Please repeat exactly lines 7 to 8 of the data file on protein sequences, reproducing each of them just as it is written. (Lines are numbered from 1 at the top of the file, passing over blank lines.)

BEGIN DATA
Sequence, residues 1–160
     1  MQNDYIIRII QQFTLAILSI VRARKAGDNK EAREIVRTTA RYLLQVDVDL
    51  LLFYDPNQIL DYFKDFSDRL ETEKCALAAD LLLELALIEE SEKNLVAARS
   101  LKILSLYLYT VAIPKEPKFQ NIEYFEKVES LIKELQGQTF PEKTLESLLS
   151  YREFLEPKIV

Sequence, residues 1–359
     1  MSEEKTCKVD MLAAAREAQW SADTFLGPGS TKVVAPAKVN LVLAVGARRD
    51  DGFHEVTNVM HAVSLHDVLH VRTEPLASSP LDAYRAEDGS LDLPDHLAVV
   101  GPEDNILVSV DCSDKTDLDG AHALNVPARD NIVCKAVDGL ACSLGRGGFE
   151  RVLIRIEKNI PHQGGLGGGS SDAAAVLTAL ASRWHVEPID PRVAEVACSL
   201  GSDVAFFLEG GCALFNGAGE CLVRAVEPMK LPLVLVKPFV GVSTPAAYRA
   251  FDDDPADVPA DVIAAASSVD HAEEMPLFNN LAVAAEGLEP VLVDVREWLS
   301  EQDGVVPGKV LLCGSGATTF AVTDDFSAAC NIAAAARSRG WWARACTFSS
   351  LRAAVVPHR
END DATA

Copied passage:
     1  MSEEKTCKVD MLAAAREAQW SADTFLGPGS TKVVAPAKVN LVLAVGARRD
    51  DGFHEVTNVM HAVSLHDVLH VRTEPLASSP LDAYRAEDGS LDLPDHLAVV